Elixir In Action

I just finished Saša Jurić’s excellent Elixir in Action published by Manning. I’ve been learning Elixir for about six months now, having learned the basic concepts and syntax from Dave Thomas’s Programming Elixir, which is a great introduction to writing Elixir. But I still lacked an understanding of how to build with Elixir, specifically how to create, structure, and deploy OTP applications, set up supervision trees, and leverage the power of concurrency and distribution. That’s where Elixir in Action was the ideal next step.

After an opening section introducing Elixir (which you can probably skim if you’re already familiar), Elixir in Action is structured around building a to-do list application. That may sound common, but what’s exceptional is how Jurić iterates: starting first with an extremely simple version using only Elixir functions like spawn and receive to send simple messages between processes, then building a generic process abstraction which is eventually replaced by Elixir’s GenServer behaviour. We manage these processes manually until there are so many it becomes a hassle, and so Jurić introduces OTP supervision trees. What we end up building is a robust, scalable, fault-tolerant system running on multiple servers with a database, HTTP API, and caching layer. But the incredible thing about Elixir in Action is how we get there: through a series of small steps from doing-it-ourselves (so we understand what we’re doing) to making it simpler or better with Elixir and OTP tools (so we understand why).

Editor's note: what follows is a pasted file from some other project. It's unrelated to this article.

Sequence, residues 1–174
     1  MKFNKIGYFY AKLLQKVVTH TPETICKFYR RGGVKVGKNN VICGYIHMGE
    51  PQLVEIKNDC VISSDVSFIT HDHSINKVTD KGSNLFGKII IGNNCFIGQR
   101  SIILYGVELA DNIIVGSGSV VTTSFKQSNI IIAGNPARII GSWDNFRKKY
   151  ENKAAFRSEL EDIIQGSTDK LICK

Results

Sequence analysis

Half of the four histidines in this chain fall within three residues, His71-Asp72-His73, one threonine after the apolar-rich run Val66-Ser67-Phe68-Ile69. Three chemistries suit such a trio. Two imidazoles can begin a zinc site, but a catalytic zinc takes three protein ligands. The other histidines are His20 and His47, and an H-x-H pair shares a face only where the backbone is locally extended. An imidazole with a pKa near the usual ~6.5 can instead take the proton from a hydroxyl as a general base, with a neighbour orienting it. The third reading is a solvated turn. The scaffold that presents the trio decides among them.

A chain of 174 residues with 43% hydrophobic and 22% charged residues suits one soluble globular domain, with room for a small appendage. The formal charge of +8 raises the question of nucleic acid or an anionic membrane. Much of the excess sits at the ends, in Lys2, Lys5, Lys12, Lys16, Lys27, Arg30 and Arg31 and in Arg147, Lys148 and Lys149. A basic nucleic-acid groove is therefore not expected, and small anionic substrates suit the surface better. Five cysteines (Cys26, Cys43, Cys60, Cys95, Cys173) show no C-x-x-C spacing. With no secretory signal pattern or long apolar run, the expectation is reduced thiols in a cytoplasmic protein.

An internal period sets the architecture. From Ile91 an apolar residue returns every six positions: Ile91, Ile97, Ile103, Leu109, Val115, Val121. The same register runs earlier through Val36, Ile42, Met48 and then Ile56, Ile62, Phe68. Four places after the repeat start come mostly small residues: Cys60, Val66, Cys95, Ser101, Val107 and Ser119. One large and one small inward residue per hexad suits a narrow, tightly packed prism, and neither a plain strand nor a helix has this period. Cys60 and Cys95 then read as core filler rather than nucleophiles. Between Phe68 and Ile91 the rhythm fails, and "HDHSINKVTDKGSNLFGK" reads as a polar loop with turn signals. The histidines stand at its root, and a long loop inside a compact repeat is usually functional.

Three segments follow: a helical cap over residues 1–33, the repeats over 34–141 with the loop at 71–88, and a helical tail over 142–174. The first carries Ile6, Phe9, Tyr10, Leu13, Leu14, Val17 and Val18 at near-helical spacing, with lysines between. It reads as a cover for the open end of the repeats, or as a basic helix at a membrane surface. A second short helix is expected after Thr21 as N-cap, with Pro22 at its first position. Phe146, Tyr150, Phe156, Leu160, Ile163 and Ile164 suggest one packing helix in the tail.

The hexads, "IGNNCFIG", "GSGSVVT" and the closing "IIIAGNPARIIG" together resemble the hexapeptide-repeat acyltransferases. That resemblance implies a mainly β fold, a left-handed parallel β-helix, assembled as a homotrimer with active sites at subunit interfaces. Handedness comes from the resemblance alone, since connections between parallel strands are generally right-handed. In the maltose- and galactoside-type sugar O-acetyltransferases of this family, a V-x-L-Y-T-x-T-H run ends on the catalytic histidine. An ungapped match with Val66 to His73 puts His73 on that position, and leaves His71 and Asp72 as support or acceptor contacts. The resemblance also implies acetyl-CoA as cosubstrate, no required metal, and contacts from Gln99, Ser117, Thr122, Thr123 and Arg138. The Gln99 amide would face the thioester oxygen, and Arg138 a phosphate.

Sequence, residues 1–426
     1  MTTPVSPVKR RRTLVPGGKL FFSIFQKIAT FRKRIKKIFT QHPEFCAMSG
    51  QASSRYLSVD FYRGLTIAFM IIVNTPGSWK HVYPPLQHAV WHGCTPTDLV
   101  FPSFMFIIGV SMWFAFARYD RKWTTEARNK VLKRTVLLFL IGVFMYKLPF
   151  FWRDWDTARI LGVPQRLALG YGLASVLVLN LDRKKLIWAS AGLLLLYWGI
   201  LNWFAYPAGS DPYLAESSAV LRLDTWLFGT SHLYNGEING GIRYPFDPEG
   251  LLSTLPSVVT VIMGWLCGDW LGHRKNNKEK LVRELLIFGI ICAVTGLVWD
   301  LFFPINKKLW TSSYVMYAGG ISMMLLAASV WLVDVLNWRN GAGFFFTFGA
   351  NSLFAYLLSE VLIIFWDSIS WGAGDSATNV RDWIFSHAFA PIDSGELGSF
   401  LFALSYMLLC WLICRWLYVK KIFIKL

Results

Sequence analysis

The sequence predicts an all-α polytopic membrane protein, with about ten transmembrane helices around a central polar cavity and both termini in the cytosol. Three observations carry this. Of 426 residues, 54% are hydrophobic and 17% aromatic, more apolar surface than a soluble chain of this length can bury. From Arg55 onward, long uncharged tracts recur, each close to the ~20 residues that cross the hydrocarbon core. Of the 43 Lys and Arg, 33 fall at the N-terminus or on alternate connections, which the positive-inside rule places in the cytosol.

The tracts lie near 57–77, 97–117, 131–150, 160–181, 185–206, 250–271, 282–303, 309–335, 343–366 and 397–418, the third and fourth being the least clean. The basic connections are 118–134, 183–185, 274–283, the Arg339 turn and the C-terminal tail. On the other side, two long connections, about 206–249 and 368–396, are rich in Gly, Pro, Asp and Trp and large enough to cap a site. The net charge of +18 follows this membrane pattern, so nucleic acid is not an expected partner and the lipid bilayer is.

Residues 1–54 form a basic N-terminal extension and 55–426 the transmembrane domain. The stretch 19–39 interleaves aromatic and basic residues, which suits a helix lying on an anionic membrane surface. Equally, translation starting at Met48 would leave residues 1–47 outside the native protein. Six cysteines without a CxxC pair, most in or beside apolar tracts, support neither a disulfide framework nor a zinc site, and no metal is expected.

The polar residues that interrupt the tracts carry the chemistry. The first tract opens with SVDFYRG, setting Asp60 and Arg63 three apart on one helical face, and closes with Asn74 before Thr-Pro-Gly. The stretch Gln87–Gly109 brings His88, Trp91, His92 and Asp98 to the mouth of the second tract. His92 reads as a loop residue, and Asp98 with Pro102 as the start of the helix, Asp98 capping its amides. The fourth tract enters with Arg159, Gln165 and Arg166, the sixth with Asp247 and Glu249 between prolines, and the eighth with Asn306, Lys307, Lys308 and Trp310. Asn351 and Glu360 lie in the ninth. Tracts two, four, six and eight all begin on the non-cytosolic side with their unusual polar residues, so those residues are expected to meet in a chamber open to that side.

Thanks to Elixir in Action, I feel like I’m finally beginning to grok the Elixir mindset (which it gets from Erlang). A couple key takeaways:

  • Processes are bottlenecks. Within a process, it does its work sequentially, moving from one task to the next. So generally, you’ll want to keep core processes lightweight and move slow operations out of the way and into other processes. But you can also use bottlenecks to your advantage, such as directing all operations on a given database record through a single process to ensure those operations happen in order and never conflict.
  • PIDs are impractical. Name your processes. It’s a fact of life that processes die, and while supervision trees can help with starting new processes to do the same job, they’ll have a brand new PID which you won’t know. I never understood why Elixir and Erlang have so many tools for process registry—Process.register, Erlang’s :pg2, :global, and :gproc, and Elixir 1.4’s new Registry module—but once you build an app of any complexity, you very quickly need help keeping track of all your processes. Elixir In Action does a great job of explaining what each one does and when you’d want it.

So whether you’re new to Elixir or already familiar, and want want to learn how to build consequential, highly-available, and scalable systems The Elixir/Erlang Way, then I highly recommend Elixir In Action.

(You’re also invited to the next Indy Elixir meetup, where I’ll be sharing some of what I’ve learned from the book!)